BACKGROUND: Orthostatic hypotension (OH) is a common finding among older patients. The impact of OH on mortality is unknown. OBJECTIVE: To study the long-term effect of OH on total and cardiovascular mortality. PATIENTS AND METHODS: A total of 471 inpatients (227 males and 244 females), with a mean age of 81.5 years who were hospitalized in an acute geriatric ward between the years 1999 and 2000 were included in the study. Orthostatic tests were performed 3 times during the day on all patients near the time of discharge. Orthostatic hypotension was defined as a fall of at least 20 mmHg in systolic blood pressure (BP) and/or 10 mmHg in diastolic BP upon assuming an upright posture at least twice during the day. Patients were followed until August 31, 2004. Mortality data were taken from death certificates. RESULTS: One hundred and sixty-one patients (34.2%) experienced OH at least twice. Orthostatic hypotension had no effect on all cause and cause specific mortality. Over a follow-up of 3.47±1.87 years 249 patients (52.8%) had died 83 of whom (33.3%) had OH. Age-adjusted mortality rates in those with and without OH were 13.4 and 15.7 per 100 person-years, respectively. Cox proportional hazards model analysis demonstrated that male gender, age, diabetes mellitus, and congestive heart failure increased and high body mass index decreased total mortality. CONCLUSIONS: Orthostatic hypotension is relatively common in elderly patients discharged from acute geriatric wards, but has no impact on vascular and nonvascular mortality.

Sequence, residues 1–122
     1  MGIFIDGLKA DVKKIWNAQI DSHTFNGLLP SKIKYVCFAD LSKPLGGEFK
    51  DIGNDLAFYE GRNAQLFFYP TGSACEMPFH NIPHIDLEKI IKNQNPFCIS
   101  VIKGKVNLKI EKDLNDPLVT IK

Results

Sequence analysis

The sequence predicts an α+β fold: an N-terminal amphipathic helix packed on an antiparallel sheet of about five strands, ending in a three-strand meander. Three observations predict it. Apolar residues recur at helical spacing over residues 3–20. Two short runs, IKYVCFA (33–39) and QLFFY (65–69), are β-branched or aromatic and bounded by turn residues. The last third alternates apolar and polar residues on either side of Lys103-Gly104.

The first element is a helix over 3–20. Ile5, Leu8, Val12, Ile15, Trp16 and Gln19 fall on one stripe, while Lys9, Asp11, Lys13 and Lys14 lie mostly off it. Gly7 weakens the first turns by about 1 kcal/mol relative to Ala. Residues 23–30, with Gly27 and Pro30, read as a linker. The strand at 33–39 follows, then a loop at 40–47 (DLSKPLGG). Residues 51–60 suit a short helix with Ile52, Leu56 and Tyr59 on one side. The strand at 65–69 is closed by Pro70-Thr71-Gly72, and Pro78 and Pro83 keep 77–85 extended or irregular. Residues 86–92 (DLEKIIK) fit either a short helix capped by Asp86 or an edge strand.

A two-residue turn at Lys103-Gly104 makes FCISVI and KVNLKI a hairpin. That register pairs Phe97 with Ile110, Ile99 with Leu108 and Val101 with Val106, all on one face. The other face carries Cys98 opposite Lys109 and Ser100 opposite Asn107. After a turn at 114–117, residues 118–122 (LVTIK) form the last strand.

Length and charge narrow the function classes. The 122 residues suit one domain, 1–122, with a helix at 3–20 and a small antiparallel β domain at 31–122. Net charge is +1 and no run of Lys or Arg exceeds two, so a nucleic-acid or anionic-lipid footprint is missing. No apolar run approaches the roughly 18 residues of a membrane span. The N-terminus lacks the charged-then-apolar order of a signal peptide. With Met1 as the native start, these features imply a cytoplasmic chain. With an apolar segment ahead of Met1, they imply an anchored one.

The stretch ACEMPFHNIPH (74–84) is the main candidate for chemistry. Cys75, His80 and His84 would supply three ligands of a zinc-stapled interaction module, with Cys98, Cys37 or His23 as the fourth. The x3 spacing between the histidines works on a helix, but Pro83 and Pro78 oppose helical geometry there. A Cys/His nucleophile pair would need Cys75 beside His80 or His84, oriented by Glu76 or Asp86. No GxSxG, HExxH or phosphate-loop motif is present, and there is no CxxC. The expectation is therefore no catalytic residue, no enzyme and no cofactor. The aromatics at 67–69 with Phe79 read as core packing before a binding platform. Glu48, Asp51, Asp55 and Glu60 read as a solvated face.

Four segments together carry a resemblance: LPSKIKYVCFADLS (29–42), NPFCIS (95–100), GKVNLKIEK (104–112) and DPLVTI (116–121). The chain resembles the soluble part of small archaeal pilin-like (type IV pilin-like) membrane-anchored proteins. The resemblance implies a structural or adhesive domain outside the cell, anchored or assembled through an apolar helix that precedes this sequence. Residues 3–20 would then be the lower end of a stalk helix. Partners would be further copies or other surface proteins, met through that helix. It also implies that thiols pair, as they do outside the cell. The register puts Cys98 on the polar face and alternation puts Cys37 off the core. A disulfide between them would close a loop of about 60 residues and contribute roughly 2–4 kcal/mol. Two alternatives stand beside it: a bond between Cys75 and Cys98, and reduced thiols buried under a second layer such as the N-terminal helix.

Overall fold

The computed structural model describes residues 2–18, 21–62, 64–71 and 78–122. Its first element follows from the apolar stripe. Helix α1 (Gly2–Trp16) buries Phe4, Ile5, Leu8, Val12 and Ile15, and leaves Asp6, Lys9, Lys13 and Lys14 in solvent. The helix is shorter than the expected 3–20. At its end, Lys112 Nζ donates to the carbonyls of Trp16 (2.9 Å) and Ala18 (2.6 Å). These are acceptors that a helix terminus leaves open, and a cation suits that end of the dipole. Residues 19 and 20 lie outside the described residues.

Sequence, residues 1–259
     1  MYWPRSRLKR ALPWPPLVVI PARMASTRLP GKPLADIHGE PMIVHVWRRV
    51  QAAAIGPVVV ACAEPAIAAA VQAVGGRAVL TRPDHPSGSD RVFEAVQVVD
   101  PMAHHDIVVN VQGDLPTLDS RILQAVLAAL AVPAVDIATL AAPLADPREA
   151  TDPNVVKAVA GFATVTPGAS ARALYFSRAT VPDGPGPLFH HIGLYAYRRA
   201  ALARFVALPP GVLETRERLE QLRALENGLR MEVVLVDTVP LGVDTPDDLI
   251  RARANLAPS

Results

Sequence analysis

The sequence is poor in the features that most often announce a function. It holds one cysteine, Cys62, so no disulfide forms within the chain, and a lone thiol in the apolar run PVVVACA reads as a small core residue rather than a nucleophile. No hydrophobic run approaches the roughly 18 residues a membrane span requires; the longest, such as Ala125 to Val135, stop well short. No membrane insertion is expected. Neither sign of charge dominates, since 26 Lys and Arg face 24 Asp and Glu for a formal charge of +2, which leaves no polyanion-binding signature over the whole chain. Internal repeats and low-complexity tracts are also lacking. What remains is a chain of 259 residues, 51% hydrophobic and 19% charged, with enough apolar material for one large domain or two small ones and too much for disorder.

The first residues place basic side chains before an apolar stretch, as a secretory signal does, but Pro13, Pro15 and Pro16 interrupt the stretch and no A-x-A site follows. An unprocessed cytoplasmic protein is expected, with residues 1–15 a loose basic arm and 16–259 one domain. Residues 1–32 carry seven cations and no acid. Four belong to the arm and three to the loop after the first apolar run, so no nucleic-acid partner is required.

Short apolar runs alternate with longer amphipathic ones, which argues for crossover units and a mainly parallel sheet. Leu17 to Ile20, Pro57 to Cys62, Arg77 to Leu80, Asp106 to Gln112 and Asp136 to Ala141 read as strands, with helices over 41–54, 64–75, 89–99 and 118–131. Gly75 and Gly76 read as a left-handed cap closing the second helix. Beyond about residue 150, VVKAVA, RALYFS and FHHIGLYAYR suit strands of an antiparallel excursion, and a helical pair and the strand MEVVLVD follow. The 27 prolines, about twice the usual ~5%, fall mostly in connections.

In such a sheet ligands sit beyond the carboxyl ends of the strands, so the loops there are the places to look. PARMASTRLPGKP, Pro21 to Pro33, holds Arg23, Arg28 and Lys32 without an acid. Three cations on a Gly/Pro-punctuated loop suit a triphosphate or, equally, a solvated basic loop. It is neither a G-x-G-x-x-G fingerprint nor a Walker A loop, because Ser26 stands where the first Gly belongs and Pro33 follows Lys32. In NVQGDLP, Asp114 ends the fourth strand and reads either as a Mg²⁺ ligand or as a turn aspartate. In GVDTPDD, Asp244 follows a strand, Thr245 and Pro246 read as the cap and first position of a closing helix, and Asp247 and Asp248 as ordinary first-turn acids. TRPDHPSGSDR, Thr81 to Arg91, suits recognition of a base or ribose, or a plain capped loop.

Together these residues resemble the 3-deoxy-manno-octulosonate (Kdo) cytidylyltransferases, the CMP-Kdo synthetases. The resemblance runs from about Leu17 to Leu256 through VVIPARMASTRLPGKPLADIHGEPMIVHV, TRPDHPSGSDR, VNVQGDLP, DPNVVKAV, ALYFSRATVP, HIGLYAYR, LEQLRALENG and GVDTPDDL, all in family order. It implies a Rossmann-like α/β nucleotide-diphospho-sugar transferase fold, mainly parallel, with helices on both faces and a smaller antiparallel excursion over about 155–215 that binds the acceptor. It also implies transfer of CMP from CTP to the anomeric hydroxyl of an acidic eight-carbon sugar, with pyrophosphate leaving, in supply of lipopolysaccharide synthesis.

- Orthostatic hypotension